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Winter Olympics — where small and cold beats big and numerous

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The Olympic flag is carried during the opening ceremony of the 2014 Winter Olympics in Sochi, Russia on Friday. The Winter Olympics are increasingly out of step with the current geopolitical balance of the world, argues Joshua Keating.

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The Olympic flag is carried during the opening ceremony of the 2014 Winter Olympics in Sochi, Russia on Friday. The Winter Olympics are increasingly out of step with the current geopolitical balance of the world, argues Joshua Keating.

WASHINGTON — Slate has reposted Reihan Salam’s excellent screed from eight years ago against the "lily-white Winter Olympics."

But in addition to not exactly reflecting America’s racial makeup, the Winter Olympics are odd for another reason: compared to their summer counterparts, they are increasingly out of step with the current geopolitical balance of the world.

Here are the top 10 countries in the medal count from the last Summer Games in London: The United States, China, Russia, Great Britain, Germany, Japan, Australia, France, South Korea, Italy. All but Australia and South Korea are also among the world’s top 10 in nominal GDP, and they’re not too far out of it.

In other words, the Summer Olympics are a pretty good proxy for global geopolitical and economic power, to the extent that economists have built fairly accurate models for predicting a country’s medal haul based solely on the size of their population and GDP. There are some quirks. Communist countries and countries with a history of communism tend to out-perform the predictions and India is a notable exception. But in general if you’re a big country with a big economy, you will win a lot of medals at the Olympics.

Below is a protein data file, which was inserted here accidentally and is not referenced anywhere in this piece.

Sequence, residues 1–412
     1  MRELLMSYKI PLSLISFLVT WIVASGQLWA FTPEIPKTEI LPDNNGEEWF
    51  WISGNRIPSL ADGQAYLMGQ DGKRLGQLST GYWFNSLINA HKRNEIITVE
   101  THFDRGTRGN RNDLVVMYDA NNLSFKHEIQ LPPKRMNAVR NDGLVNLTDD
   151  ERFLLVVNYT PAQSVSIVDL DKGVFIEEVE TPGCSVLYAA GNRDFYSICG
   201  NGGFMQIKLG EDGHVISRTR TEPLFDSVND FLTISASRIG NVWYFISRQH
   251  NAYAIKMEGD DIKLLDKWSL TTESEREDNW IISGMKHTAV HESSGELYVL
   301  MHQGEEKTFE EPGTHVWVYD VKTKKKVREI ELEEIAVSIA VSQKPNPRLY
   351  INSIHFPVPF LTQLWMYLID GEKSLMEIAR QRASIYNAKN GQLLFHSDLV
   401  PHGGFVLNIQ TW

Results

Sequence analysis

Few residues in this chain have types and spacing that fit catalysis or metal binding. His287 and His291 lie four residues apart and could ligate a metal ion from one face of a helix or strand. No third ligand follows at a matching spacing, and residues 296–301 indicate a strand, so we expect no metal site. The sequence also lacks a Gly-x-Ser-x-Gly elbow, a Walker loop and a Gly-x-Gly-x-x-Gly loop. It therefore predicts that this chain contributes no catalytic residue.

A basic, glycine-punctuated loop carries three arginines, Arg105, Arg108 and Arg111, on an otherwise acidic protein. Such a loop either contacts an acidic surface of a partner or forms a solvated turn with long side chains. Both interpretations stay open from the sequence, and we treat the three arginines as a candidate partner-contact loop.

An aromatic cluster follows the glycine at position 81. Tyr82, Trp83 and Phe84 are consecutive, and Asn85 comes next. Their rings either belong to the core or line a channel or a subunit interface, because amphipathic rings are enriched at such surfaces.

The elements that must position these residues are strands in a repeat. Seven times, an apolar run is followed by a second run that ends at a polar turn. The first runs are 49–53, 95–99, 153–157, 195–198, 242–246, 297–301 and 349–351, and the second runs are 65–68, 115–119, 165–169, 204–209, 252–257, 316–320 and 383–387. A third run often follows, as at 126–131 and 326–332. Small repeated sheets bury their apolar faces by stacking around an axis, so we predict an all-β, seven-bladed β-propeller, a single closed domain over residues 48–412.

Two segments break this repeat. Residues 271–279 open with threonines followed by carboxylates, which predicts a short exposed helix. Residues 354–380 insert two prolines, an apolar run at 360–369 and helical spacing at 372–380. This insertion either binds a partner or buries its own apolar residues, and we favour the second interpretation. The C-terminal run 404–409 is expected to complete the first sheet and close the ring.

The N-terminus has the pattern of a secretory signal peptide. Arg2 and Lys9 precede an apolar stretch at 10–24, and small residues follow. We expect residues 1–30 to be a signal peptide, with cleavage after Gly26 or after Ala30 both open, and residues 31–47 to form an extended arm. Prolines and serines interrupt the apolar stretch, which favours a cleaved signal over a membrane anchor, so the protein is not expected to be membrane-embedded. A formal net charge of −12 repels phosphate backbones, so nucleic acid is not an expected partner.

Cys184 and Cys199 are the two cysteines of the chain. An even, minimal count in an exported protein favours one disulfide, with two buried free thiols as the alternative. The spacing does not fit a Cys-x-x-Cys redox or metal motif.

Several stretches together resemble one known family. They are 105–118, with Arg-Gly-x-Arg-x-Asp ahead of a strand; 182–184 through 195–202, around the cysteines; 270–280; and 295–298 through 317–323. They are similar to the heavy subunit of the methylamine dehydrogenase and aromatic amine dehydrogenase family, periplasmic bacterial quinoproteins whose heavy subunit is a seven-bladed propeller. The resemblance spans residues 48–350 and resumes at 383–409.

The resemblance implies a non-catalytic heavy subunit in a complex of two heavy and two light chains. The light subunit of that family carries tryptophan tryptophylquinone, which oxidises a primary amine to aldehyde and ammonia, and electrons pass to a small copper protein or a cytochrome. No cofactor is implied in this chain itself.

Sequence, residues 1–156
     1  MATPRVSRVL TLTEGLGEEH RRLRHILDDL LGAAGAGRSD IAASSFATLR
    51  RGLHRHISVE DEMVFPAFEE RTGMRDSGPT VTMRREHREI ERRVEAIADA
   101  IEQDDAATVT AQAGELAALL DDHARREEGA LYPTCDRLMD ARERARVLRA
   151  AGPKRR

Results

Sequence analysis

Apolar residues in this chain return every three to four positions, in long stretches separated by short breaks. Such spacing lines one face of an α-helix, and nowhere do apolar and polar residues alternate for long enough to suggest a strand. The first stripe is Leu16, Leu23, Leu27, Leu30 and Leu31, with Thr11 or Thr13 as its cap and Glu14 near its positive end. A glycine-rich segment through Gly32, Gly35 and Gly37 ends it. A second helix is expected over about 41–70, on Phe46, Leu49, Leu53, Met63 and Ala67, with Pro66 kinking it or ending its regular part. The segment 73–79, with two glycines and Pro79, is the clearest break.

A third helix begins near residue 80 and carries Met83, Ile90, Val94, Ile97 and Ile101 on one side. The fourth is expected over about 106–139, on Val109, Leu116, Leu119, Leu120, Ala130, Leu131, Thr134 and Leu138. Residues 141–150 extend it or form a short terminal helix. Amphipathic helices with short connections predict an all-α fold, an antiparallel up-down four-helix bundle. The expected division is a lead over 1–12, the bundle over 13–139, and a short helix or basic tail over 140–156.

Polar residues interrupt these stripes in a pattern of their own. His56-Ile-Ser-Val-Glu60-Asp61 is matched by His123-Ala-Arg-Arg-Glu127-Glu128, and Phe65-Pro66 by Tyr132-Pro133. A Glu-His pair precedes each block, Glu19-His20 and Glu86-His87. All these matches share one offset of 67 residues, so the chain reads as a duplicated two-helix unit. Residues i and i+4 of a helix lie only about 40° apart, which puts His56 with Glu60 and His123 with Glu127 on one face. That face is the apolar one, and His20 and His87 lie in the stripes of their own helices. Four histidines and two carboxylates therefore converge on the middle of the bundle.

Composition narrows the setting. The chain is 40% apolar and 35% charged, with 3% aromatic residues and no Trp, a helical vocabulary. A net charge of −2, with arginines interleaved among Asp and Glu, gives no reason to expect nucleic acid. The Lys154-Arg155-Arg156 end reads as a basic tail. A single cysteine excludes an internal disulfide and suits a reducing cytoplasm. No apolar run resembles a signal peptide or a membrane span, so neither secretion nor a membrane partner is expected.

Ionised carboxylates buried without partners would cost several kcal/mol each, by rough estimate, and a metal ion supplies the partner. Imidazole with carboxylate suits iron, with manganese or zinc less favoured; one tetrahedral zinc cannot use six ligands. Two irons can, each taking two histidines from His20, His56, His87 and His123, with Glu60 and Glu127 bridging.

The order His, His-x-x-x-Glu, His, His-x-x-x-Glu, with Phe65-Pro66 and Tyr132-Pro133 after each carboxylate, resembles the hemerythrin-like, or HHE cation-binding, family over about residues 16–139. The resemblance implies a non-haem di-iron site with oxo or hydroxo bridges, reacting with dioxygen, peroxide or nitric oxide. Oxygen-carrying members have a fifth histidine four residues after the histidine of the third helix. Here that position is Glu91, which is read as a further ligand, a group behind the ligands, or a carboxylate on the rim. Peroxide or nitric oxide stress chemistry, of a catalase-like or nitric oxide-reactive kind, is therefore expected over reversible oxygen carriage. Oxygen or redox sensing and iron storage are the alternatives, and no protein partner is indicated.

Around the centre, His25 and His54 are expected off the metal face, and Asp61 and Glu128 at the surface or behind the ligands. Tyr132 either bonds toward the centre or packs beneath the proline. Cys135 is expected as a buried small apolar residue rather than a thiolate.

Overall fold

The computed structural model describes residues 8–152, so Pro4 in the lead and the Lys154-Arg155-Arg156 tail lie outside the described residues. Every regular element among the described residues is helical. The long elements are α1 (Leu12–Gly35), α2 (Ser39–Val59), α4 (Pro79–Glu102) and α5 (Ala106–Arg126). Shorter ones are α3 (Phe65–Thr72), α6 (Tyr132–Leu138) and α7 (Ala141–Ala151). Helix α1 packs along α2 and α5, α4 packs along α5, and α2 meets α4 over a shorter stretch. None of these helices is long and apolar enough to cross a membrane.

This makes logical sense. The larger your population, the greater the likelihood of finding people with the physical gifts needed to be an Olympic athlete and the larger the economy, the more resources you can devote to preparing them.

But the Winter Games are a different story. The U.S., Germany, Russia, China and France still cracked the top 10 in Vancouver, but so did much smaller countries like Austria, Sweden and all-time winter medal champ Norway. The top 20 included Switzerland, the Czech Republic, Slovakia, Finland and Belarus.

The balance of power at the Winter Olympics, in other words, still looks much more 20th century, dominated by Europe, North America, and a handful of East Asian countries. These groups still make up the majority of the medalists at the summer games too, of course, but places like Brazil, Iran, Kenya, and Jamaica can bring home respectable numbers of medals — and European dominance over the games has been slipping over the years.

By contrast, the only countries outside of Europe, North America and the East Asian tigers to take home even a single medal in Vancouver were Australia and Kazakhstan — a part of the former Soviet Union.

The arrival of China, as always, has been one disruptor. The People’s Republic didn’t even compete at the games until 1980 and didn’t medal until 1992, but was seventh on the medal count last time.

But in general, the last couple centuries were an age in which small, cold countries enjoyed outsized political and economic dominance in the world. That era may be coming to a close, but the winter Olympics will probably be one of the last vestiges of it.

 

Joshua Keating is a staff writer at Slate focusing on international news, social science and related topics. He was previously an editor at Foreign Policy magazine.

 

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